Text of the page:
- Seated or standing, the helm set-up works very well.
- The attention to detail across the boat is impressive.
- Like its bigger siblings, the driving experience is perfectly honed with nothing left to chance.
Used Boat – Hunton 904 RIB
Greg Copp reviews an old take on an even older design with a splash of luxury thrown in for good measure …
When Hunton Powerboats launched the 904 9m RIB in 2006, its sleek contemporary lines gave their first RIB a distinct Hunton character. However, truth be known, this boat’s inflatable exterior concealed an older design. Inside the tubes sits the hull of the old Gazelle 28, the boat that started it all for Jeff Hunton 20 years earlier. Using an older race boat design to build a RIB is a proven concept. Revenger did it when they used the lower section of their race-winning Don Shead-designed Revenger 25 to create a hull for their 27 RIB. It worked very well, which I can confirm having owned one. However, the Hunton 904 has taken the big RIB concept a lot further than Revenger did, by adding a big chunk of luxury into this seriously rapid boat.
The old Gazelle 28 hull lends itself well to the design of the 904, as it has the beam as well as the length to pack key ingredients in. One simple thing that most RIBs lack and need is a toilet, and the 904 has one, and a sea toilet at that, complete with sink. It is not that obvious as it is accessed by a side door, but the design uses every inch of height from the keel to the tiny coachroof to provide a facility that makes this a credible family boat. In front of the toilet sits a built-in concealed electric cool box, and forward of that the usual V-shaped sun pad. The bow houses an enclosed windlass compartment, which also serves to provide stiffening to the forward sponson section in the event of stuffing the bow.
In keeping with the rest of the high-quality design, the sunken rear seat offers not only plenty of comfort but also plenty of security thanks to the raised coamings on each quarter – essential if you want to drive this boat fast without complaints from the crew. On an outboard boat this seating area is both larger and deeper due to the extra space afforded by outboard engines. Aft of this expanse of comfort is either a sun pad sitting over an engine bay housing a 370hp Volvo D6, as with the boat featured here, or a pair of outboards flanked by two small bathing platforms. In either format there is an optional bathing ladder.
Like its bigger siblings, the driving experience is perfectly honed with nothing left to chance. The helm ergonomics are spot on, with throttles where your hand falls, and a wrap-around seat with flip-down bolster for that all-important standing position. I will fault the original 904 console design for only being able to fit an 8″ plotter, which, though perfectly adequate, was later upstaged with a bigger display. The 904 sported a short stainless mast behind the helm seating, which is in keeping with the boat’s sporting character. However, the subsequent 10m 1005, which replaced the 904, was given a T top to cater for its intended role as a superyacht tender.
Needless to say, the hull is a serious deep vee with a transom deadrise angle of 24°, while having a fairly wide beam of 2.74m. This produces a very sure-footed ride when turning hard, as well as being sharp enough to cut its way through choppy head seas. This boat is no lightweight as it displaces nearly 2 tonnes all up, and I recall from having driven one of the first 904s that it is reassuringly solid and easily shrugs off any punishment.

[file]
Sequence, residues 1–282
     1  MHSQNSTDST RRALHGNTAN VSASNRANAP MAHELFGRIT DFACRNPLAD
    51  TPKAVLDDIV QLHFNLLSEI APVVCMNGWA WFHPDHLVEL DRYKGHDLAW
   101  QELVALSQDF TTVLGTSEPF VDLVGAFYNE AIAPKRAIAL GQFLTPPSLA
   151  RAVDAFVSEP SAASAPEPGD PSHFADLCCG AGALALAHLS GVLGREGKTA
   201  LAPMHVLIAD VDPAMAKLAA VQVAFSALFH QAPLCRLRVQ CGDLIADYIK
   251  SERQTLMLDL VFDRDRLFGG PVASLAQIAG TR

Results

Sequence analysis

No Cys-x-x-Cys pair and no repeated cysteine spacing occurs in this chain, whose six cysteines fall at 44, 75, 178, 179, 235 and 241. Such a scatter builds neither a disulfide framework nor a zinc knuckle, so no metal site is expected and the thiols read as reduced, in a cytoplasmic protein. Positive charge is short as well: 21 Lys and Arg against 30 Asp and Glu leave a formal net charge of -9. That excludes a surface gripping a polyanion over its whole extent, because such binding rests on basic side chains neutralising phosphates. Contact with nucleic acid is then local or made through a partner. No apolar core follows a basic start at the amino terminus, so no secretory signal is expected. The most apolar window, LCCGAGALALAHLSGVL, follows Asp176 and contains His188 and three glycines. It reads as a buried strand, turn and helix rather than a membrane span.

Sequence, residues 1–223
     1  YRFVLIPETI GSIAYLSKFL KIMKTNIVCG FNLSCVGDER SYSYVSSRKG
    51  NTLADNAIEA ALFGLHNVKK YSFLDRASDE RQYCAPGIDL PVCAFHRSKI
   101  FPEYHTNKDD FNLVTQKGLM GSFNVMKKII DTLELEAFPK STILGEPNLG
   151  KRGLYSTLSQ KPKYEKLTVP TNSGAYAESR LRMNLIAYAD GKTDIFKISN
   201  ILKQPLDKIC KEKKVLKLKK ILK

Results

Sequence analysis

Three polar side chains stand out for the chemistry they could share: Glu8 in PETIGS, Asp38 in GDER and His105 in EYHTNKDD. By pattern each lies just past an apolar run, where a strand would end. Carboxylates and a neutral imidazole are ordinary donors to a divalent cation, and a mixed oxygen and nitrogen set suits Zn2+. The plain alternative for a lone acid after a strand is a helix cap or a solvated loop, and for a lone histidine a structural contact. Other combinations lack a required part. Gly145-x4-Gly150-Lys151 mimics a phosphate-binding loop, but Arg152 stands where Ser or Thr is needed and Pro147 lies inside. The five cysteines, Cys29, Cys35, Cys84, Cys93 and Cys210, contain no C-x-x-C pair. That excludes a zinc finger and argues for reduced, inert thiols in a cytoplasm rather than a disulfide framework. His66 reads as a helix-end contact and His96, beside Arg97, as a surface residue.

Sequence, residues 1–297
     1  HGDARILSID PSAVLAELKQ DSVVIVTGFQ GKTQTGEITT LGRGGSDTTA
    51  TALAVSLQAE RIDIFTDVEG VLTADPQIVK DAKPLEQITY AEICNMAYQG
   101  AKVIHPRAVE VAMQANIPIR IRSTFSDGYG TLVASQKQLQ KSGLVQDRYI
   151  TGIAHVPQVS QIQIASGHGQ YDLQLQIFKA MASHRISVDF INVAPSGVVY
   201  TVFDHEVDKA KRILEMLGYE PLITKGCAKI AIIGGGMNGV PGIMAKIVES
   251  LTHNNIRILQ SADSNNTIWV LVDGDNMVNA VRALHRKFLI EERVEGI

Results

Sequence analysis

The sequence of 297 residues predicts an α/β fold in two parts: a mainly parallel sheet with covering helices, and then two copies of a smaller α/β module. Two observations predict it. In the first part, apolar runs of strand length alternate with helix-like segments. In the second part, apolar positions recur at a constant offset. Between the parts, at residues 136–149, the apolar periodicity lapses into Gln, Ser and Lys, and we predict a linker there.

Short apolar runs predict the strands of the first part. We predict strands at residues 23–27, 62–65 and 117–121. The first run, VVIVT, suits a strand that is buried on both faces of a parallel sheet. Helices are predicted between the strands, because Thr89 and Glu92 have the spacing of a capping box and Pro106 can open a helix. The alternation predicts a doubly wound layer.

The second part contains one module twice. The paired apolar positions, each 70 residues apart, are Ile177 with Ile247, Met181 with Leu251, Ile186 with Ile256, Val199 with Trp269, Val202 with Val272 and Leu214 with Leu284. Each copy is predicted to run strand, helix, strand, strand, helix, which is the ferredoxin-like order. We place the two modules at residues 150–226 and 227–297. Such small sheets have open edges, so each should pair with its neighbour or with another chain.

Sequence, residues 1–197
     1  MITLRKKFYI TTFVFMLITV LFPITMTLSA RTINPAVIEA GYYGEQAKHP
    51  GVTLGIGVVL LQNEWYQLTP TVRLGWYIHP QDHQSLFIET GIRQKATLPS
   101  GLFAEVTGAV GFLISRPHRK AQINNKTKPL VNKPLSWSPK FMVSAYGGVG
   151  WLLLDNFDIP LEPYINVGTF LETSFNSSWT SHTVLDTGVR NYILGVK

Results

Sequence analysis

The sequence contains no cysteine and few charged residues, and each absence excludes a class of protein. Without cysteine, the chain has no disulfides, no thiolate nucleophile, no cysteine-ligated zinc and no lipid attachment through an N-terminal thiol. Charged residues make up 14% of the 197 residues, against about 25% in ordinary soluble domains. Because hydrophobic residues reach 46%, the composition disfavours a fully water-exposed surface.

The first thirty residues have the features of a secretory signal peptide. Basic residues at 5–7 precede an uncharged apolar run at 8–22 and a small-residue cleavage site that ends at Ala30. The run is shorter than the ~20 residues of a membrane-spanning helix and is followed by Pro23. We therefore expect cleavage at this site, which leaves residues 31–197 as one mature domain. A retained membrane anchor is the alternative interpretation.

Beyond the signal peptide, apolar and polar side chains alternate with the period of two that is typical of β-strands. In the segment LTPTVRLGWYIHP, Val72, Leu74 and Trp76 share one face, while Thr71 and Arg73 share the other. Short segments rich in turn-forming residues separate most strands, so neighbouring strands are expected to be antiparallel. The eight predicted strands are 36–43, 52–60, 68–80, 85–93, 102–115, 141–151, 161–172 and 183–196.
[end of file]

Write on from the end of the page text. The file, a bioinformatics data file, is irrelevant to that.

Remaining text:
True to form, engine options are not restricted to any one brand. Some of the first 904s had supercharged 275hp Mercury Verados, which I found blissfully silent at tickover, yet they produced a massive surge of power from idle to the boat’s maximum speed just shy of 60 knots. The boat featured here has a 370hp Volvo D6, which will push it to around 48 knots and return around 5mpg at a 40-knot cruising speed. Though I have always preferred outboards on RIBs, you can’t argue with the long-legged economy that a D6 in a 904 offers.
Points to consider
There are many options, with twin outboards being the most popular. Single sterndrives were also offered in the form of the 370hp Volvo D6, which actually weighs more than a pair of 300hp Mercury Verados. However, this is a good option if you are not after that top-end rush that a pair of big outboard engines give, as diesel fuel can always be sourced, and the torque of a D6 will still make for a quick boat.
The toilet is an option and not standard, so it is worth bearing this in mind if this is a crucial aspect to owning this boat. A hot shower became an option on the bigger 1005 – ideal for water sports enthusiasts. Like the boat featured, a bimini is another optional luxury; however, it is hard to stow with an outboard-powered boat.
Only 12 904s and six 1005s have been built, so these boats are very hard to find. Not surprisingly, they hold their value very well, accentuated by the fact that some are bought as superyacht tenders so get little use and are infrequently offered for sale.
- Hull type: Deep-vee planing
- Current values: £60,000 plus
- RCD category: B
- Length overall: 29ft 8in (9.04m)
- Beam: 9ft 2in (2.74m)
- Draught: 2ft 10in (0.86m)
- Displacement: 2000kg
- Fuel capacity: 75 gallons (340 litres)
- Cruising range: 300 miles with a 20% reserve at 40 knots (single 370hp Volvo D6)
- 180 miles with a 20% reserve at 40 knots (twin 250–300 hp outboards)